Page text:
Amygdala and Arturo set off on their horses and after a day of travelling they sought somewhere to rest. They knocked at the door of an old cottage at the edge of the forest. An old man bent double with age opened the door. He offered them his room for the night. Arturo slept on a rug on the floor and his sister slept in the narrow cot. She was so tired that sleep came fast. She dreamt that she was in a beautiful palace and that the old man was king. When she awoke she was surprised to find herself in the little cot. The old man gave them a simple meal and sent them on their way. Kindness shone from his eyes. As the days passed Amygdala and Arturo stayed in many different places. All were kind and welcoming to them. Some were curious and asked the pair why they were travelling as they clearly had no idea about where they were going.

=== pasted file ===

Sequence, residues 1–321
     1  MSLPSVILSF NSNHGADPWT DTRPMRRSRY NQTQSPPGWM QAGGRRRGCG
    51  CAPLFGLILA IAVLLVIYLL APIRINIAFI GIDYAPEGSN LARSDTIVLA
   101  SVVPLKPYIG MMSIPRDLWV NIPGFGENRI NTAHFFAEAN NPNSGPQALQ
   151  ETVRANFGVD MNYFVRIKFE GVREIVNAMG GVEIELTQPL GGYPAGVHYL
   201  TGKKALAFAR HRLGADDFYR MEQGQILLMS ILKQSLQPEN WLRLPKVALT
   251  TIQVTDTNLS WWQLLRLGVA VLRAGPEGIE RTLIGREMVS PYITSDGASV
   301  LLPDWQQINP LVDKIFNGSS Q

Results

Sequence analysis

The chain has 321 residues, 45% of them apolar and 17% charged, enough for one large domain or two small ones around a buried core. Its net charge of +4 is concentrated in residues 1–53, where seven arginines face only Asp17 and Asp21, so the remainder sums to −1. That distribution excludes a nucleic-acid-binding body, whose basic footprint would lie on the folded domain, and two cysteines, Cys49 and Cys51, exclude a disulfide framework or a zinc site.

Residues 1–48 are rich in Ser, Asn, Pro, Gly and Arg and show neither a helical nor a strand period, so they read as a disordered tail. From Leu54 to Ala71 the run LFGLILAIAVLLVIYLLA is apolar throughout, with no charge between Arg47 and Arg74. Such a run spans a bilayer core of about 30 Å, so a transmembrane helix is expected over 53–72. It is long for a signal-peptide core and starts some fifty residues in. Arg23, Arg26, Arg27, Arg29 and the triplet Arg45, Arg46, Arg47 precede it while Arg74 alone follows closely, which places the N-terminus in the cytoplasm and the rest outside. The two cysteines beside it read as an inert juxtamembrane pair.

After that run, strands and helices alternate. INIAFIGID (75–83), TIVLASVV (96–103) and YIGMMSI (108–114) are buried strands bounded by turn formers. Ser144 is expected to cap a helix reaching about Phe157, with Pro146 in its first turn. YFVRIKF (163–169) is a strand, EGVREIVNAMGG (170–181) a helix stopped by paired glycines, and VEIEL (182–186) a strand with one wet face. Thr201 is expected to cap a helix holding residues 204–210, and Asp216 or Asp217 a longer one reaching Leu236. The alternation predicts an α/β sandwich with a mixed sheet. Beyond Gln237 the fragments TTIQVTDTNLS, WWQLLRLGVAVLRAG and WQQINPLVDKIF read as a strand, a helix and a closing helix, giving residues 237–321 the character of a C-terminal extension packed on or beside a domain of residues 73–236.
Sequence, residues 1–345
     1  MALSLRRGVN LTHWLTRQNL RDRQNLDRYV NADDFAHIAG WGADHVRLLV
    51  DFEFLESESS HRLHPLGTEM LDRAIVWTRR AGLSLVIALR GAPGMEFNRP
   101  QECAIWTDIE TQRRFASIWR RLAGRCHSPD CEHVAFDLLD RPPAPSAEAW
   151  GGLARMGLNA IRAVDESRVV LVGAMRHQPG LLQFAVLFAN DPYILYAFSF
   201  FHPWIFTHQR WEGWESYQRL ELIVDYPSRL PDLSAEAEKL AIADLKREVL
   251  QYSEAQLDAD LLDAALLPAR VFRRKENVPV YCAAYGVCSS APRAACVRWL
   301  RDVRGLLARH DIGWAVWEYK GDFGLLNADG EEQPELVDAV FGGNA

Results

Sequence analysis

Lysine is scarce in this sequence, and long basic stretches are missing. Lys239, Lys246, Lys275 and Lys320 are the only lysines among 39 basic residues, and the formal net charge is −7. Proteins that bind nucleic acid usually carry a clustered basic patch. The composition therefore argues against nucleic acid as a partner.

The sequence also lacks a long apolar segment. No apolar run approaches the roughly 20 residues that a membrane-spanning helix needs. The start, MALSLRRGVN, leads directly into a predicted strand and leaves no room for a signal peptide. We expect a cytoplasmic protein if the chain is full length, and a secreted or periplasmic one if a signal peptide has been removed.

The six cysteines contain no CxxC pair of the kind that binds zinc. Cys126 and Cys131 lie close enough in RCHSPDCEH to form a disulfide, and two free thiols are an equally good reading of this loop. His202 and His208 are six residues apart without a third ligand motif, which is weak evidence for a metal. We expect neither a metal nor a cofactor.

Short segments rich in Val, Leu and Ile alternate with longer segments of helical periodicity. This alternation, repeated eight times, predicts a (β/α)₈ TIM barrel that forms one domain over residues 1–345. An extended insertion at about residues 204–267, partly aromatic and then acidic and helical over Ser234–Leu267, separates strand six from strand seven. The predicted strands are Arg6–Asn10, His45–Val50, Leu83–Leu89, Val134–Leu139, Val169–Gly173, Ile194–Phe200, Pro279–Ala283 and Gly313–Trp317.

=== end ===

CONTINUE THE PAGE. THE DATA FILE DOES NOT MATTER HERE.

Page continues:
“We want to see something more of the world,” was Amygdala’s reply.
“And what do you think about what you have seen?” they would ask.
“I see kindness and beauty wherever we go,” she would say.
One day they crossed a wide river. On the other side people were walking with crutches, poor people, starving people. These people were not offering help, they were asking for it. There was suffering in their faces.
“Arturo, we cannot just walk by and leave these people to suffer. We must try to help them.”
Amygdala and Arturo discovered that these people had been fighting with their neighbouring village. A feud had been going on for many years.
“But why can you not come to an agreement?” asked Amygdala. To have shed so much blood and to suffer so on both sides! I cannot understand you.”
“The world is a hard and cruel place and full of suffering,” said one of the limbless men. “Our neighbours are full of hatred, we cannot agree on peace with them.”
Amygdala and Arturo travelled on. Shortly they came to the next village. The fields were laid bare. Houses and barns had been burnt down. Limbless men walked on crutches. Arturo stopped by the roadside. A child approached him.
“Sir,” he said, “please help us. We have nothing, we are hungry.”